or this page to convert share links to direct download ones:
You need to associate each image link with a mnemonic name. To do this you should create a new text file (you can use notepad on a Windows machine) and add an image per row using the following format:
you should terminate the list with the keyword "end" on a new row (see screenshot four for an example).
Upload index file
Once you are finished you can upload the index file and collect its own download URL, you'll need to provide it to when configuring your device.
Unfortunately, Google drive will not allow you to download the file if you changed it using the Google Docs editor, so you need to edit the text file on your PC and upload it to google drive every time you want to add new pictures or change something.
Step 5: Software Installation
To install software on your device you'll have to build it from source code.
Setup Arduino IDE and ESP-32 support
You need to install the Arduino IDE that you can download from the official Arduino website.
Then you need to install ESP-32 support following the instructions on github.
At this point, you should test that the samples can be built and downloaded to your device before building project-specific code.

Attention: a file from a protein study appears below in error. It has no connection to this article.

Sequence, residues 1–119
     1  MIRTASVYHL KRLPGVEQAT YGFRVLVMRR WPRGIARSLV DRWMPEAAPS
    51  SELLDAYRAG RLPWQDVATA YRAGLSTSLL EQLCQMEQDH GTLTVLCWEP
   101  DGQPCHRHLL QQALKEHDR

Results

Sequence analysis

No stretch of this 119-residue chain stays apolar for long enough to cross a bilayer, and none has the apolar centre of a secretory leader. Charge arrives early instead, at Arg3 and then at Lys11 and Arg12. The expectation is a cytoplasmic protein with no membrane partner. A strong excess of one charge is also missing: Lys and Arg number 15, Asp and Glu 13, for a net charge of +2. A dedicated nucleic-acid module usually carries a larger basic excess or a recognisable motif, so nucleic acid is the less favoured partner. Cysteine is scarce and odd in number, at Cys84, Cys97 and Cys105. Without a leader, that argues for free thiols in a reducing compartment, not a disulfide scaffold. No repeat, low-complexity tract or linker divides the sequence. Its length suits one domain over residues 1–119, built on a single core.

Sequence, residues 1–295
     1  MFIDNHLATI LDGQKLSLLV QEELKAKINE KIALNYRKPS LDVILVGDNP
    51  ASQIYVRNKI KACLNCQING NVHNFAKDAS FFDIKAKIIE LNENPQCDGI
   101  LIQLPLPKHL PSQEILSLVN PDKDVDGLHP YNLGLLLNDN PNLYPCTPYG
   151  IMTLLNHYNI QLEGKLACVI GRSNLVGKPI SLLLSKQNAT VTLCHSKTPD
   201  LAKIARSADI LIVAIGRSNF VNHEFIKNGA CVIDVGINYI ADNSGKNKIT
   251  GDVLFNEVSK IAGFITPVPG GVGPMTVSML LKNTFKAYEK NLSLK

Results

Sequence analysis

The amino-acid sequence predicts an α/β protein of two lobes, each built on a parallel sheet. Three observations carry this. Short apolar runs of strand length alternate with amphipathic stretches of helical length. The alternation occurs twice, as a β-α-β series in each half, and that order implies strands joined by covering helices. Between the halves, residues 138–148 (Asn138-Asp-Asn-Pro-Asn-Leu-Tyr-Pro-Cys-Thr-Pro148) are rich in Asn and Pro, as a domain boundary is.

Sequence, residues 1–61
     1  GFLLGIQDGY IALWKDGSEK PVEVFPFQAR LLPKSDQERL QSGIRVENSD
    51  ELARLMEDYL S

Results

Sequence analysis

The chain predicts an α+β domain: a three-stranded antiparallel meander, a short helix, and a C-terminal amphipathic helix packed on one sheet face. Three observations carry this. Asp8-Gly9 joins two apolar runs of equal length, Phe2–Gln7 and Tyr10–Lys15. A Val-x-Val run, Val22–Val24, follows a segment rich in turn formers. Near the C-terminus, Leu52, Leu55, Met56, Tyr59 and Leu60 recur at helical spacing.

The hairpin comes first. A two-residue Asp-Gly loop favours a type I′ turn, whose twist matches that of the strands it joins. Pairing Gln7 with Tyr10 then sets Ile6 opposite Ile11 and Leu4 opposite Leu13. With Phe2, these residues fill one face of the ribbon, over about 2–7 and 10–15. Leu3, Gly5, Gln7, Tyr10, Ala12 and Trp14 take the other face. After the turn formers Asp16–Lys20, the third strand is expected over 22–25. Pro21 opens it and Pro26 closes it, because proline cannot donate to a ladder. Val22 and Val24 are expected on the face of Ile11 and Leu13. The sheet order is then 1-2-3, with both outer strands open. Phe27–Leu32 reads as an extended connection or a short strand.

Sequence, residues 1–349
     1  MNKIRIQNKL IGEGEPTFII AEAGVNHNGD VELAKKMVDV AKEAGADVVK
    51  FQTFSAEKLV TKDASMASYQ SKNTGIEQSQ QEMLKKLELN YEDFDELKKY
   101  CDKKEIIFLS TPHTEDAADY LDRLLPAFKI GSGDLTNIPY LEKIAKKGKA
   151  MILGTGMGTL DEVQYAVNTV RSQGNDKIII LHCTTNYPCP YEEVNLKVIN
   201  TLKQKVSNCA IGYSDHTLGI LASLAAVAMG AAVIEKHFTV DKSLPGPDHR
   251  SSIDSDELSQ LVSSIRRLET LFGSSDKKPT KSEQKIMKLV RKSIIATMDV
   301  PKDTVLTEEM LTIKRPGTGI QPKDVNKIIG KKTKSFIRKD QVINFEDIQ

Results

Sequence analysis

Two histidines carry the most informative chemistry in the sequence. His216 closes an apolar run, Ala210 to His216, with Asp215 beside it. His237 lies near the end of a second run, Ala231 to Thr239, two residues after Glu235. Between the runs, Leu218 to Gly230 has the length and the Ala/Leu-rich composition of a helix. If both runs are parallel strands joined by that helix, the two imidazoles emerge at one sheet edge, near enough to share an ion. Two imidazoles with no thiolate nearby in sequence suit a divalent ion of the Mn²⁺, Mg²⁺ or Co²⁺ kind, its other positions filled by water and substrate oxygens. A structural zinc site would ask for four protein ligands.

Download libraries and code
You need to add the libraries needed for the project using the Arduino Library manager.
Select "Sketch\Include Library\Manage Libraries..." from the Arduino IDE main menu (see the first screenshot).
To build the code you need to search and install:
- Adafruit GFX Library
- Adafruit SSD1306
To install a library simply type its name in the search box, press enter, select the right library from the list, the latest version from the list of versions and select "install" (see the second screenshot).
Once you have installed the required libraries you can download the source code from my github repository.
You can simply unzip or clone it in the folder where your Arduino sketches are saved.
Software is still a work in progress, so feel free to open issues on github if you experience problems and keep an eye on it for future updates.
Step 6: Software Setup
To allow your clock to connect to his own calendar and collect the additional informations (holiday calendar, custom icons etc.) you need first to run the configuration sketch.
Run configuration sketch